• Types of Compensation
– – – – Base wage or salary Wage and salary add-ons Incentive payments Skill-based pay
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Chapter 11, Stephen P. Robbins, Mary Coulter, and Nancy Langton, Management, Eighth Canadian Edition. Copyright © 2005 Pearson Education Canada Inc.

Exhibit 11.14 Factors That Influence Compensation and Benefits
How long has employee been with company and how has he or she performed? Does job require high levels of skills? How large is the company?

Employee’s Tenure and Performance Size of Company

How profitable is the company?

Kind of Job Performed

What industry is job in?

Company Profitability Geographical Location
Where is organization located?

Level of Compensation and Benefits

Kind of Business Unionization

Management Philosophy

Labour- or Capital-Intensive

Is business unionized?

What is management’s philosophy toward pay?

Is business labour- or capital-intensive?

Sources: Based on R.I. Henderson, Compensation Management, 6th ed. (Upper Saddle River, NJ: Prentice Hall, 1994), pp. 3–24; and A. Murray, “Mom, Apple Pie, and Small Business,” Wall Street Journal, August 15, 1994, p. A1
Chapter 11, Stephen P. Robbins, Mary Coulter, and Nancy Langton, Management, Eighth Canadian Edition. Copyright © 2005 Pearson Education Canada Inc.

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Career Development
• Career Defined
– A sequence of positions held by a person during his or her lifetime

• Career Development
– Provides for information, assessment, and training – Helps attract and retain highly talented people

• Boundaryless Career
– A career in which individuals, not organizations, define career progression, organizational loyalty, important skills, and marketplace value
Chapter 11, Stephen P. Robbins, Mary Coulter, and Nancy Langton, Management, Eighth Canadian Edition. Copyright © 2005 Pearson Education Canada Inc.

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(ranked in order of importance) 1. Enjoying what they do 2. Opportunity to use skills and abilities 3. Opportunity for personal development 4. Feeling what they do matters 5. Benefits 6. Recognition for good performance 7. Friendly co-workers 8. Job location 9. Lots of money 10. Working on teams

Top 10 Job Factors for College Graduates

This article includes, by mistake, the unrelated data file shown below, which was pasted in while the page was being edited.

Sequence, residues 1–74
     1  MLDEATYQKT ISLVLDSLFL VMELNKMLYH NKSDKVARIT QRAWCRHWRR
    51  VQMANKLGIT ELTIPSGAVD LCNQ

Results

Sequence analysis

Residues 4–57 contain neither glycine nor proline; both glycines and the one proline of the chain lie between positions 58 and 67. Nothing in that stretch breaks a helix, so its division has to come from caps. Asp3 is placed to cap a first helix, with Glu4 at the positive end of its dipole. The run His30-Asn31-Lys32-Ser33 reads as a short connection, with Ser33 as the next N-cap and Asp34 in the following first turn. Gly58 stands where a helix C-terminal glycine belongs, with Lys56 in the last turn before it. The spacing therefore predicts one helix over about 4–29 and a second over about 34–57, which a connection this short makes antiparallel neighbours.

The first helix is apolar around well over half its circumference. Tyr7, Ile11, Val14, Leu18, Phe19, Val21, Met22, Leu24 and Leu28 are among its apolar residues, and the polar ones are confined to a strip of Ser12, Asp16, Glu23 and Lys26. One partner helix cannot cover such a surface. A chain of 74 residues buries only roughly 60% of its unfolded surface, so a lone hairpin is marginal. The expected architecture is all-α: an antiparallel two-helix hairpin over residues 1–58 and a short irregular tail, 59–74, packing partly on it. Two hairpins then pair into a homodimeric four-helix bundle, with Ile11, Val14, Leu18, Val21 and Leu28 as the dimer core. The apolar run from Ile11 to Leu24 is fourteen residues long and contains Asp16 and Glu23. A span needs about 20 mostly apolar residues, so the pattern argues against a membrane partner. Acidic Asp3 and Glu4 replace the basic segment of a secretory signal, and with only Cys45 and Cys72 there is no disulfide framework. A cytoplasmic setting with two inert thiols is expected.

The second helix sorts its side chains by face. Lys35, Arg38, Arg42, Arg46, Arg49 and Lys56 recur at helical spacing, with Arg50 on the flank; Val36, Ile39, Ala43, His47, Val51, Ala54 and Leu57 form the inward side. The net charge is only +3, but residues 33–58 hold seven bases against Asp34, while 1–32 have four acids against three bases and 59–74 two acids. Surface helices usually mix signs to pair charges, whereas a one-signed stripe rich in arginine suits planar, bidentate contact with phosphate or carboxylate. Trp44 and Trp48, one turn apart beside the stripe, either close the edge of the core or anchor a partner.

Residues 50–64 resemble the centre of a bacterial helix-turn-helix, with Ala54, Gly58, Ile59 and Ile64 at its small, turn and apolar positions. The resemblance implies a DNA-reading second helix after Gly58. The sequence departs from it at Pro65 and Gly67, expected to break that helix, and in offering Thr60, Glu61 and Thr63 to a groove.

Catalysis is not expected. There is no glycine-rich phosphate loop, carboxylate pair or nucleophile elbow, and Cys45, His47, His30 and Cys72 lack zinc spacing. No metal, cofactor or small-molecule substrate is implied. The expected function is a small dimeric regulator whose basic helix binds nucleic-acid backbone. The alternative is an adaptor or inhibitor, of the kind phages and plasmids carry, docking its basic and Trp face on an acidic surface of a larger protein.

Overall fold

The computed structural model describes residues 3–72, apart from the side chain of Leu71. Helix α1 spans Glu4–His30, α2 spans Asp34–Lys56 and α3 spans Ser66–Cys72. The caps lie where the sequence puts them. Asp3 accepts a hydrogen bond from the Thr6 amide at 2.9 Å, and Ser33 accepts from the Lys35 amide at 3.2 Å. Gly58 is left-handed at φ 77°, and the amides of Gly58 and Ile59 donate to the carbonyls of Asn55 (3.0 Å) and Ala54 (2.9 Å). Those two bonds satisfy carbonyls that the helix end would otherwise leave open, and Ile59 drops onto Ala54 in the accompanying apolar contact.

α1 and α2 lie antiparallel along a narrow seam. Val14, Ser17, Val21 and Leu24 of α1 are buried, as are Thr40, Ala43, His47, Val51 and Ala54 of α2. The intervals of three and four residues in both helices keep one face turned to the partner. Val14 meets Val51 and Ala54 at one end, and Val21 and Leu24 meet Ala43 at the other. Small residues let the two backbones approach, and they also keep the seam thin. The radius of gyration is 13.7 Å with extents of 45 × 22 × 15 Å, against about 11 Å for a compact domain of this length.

Source: Based on V. Frazee. “What’s Important to College Grads in Their First Jobs?” Personnel Journal, July 1996, p. 21.

Chapter 11, Stephen P. Robbins, Mary Coulter, and Nancy Langton, Management, Eighth Canadian Edition. Copyright © 2005 Pearson Education Canada Inc.

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Tips for Managers: Some Suggestions for a Successful Management Career

Chapter 11, Stephen P. Robbins, Mary Coulter, and Nancy Langton, Management, Eighth Canadian Edition. Copyright © 2005 Pearson Education Canada Inc.

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Contemporary HRM Issues
• Managing Downsizing
– The planned elimination of jobs in an organization
• Provide open and honest communication • Reassure survivors

Chapter 11, Stephen P. Robbins, Mary Coulter, and Nancy Langton, Management, Eighth Canadian Edition. Copyright © 2005 Pearson Education Canada Inc.

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Contemporary HRM Issues (cont’d)
• Managing Workforce Diversity
– Recruitment for diversity – Selection without discrimination – Orientation and training that is effective

Chapter 11, Stephen P. Robbins, Mary Coulter, and Nancy Langton, Management, Eighth Canadian Edition. Copyright © 2005 Pearson Education Canada Inc.

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Contemporary HRM Issues (cont’d)
• Sexual Harassment
– An unwanted activity of a sexual nature that affects an individual’s employment
• The Supreme Court of Canada definition: Unwelcome behaviour of a sexual nature in the workplace that negatively affects the work environment or leads to adverse job-related consequences for the employee • There continues to be disagreement as to what specifically constitutes sexual harassment.

– An offensive or hostile environment
• An environment in which a person is affected by elements of a sexual nature
Chapter 11, Stephen P. Robbins, Mary Coulter, and Nancy Langton, Management, Eighth Canadian Edition. Copyright © 2005 Pearson Education Canada Inc.

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Contemporary HRM Issues (cont’d)
• Work-Life Balance
– Employees have personal lives that they don’t leave behind when they come to work. – Organizations have become more attuned to their employees by offering family-friendly benefits:
• • • • • • On-site child care Summer day camps Flextime Job sharing Leave for personal matters Flexible job hours
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Chapter 11, Stephen P. Robbins, Mary Coulter, and Nancy Langton, Management, Eighth Canadian Edition. Copyright © 2005 Pearson Education Canada Inc.